1885-1918: No. 2 and No. 3 Wards of Battersea Parish, and that part of No. 4 Ward of Battersea Parish which is bounded on the south by Battersea Rise, and on the east by St John's Road.
1983-2010: The London Borough of Wandsworth wards of Balham, Fairfield, Latchmere, Northcote, Queenstown, St John, St Mary's Park, and Shaftesbury.
2010-present: The London Borough of Wandsworth wards of Balham, Fairfield, Latchmere, Northcote, Queenstown, St Mary’s Park, and Shaftesbury.
Less densely populated than late Victorian times and covering the north-eastern third of the London Borough of Wandsworth, Battersea in this context includes central Wandsworth and in the same way as Chelsea on the opposite bank, adjoins the Thames before flowing through central London.
It takes in all of the district of Battersea including its large Battersea Park which has played host in recent years to international circus productions, riverside and London Heliport and stretches eastwards to include Nine Elms and surrounding the Park: Queenstown; generally widely known large neighbourhoods of Battersea Town;[n 4] and westwards to include most of Wandsworth town, including the riverside, Town Hall and East Hill.[n 5] Battersea also stretches south between Wandsworth Common and Clapham Common to include Balham Ward, the eastern end of Balham (the west for General Elections is in Tooting).
Council housing of unaesthetic high-rise flats is concentrated by the South West Main Line some of them prefabricated buildings however a majority of the housing stock is privately owned or rented. While in the early 20th century Battersea was among the most secure Laboursafe seat, since the 1970s the constituency has been home to a majority of wealthy or middle-income professionals, and tradespeople, and the Conservatives lacking an MP in the area since 1964 gained John Bowis in 1987 who served the area until 1997. A considerable majority returned to Labour for the elections of 1997, 2001 but only a very marginal majority in 2005[n 6] and the Conservative Party's Jane Ellison won the seat in Parliament in 2010 with a majority of 5977 votes, increasing her majority to over 8000 in 2015. As, like the government, the seat did not fall to a Conservative Party candidate in 2005 (unlike, for example, Putney) but fell to a member of that party in 2010 (unlike, for example, Tooting), Battersea is a national bellwether constituency since 1987.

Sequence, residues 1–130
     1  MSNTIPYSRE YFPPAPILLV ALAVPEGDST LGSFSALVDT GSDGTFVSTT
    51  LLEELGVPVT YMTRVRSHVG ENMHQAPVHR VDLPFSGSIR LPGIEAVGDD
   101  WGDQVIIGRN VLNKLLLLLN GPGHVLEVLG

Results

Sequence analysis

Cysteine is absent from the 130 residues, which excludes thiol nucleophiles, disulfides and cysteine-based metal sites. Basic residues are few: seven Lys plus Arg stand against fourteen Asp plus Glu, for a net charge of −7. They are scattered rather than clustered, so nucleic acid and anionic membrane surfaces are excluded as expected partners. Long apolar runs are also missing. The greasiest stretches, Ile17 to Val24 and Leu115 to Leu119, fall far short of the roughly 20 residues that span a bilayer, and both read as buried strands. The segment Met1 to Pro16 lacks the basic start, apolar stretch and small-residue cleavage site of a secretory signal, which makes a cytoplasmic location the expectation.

From 1997 to 2010, the seat was bordered by the constituencies of:
So much of No. 4 Ward of Battersea Parish as lies to the north of a line drawn along the centre of Battersea Rise, and to the west of a line drawn along the centre of the St. John's Road."
Battersea constituency was originally created in 1885. From 1892 to 1918 the seat was held by trade union leader John Burns who served as a Minister (of the Crown) in the Liberal Cabinets of Sir Henry Campbell-Bannerman and H. H. Asquith from 1905 until 1914.
The constituency was split in 1918 into:
Battersea North, which included the cheap housing accompanying Battersea Power Station and railway-works focussed Nine Elms seeing gradually replacement in its lifespan to overcrowded terraces — it had only four years of a Conservative MP (from 1931)
Battersea South of mixed incomes and few pockets of slum clearance which had 38 years of a Conservative MP, the most recent instance ending in 1964.
The two constituencies were rejoined in 1983, although some areas of Battersea South became part of the adjoining Tooting constituency. Alf Dubs (L) before the election incumbent for Battersea South, won the constituency in 1983. Conservative John Bowis won in the next elections, 1987 and 1992. Martin Linton won it back within the Labour Party in 1997 and held the seat until 2010.
In 2001, the candidate T.E Barber used the candidate description "No fruit out of context party", and advocated the end of, amongst other crimes against food, pineapples on pizza. (David Boothroyd)
In the book "Things Can Only Get Better: Eighteen Miserable Years in the Life of a Labour Supporter," John O'Farrell describes his experiences of being the secretary of Queenstown Branch of the Battersea Labour party, during which time Labour lost every election in which they participated, and in 1983 their MP, Alf Dubs.
Benefiting from an exclusivity arrangement, the old Battersea North seat was one of two seats in London to have had a Communist MP: Shapurji Saklatvala represented the area from 1922 to 1929. A wealthy aristocratic Indian he was among the five Communists elected to the national chamber in its history and was the third of the young Socialist Labour/Communist/Labour parties from an ethnic minority background. At first, Saklatvala had local Labour party support and was also a member of that party but then stood as a Communist in 1924 with local Labour party backing. The head office of the less radical Labour party mandated a an official Labour candidate stand against him in 1929. The Battersea Labour Club (a drinking club not directly connected with the political party) had a notice on its notice board up until the 1980s banning Communists from admission to the club.
^Booth Poverty Map For prostitution and other "Lowest class: Vicious and semi-criminal" classification see Cumberland Street written notes:  and a small cluster of mean streets by the railways in Nine Elms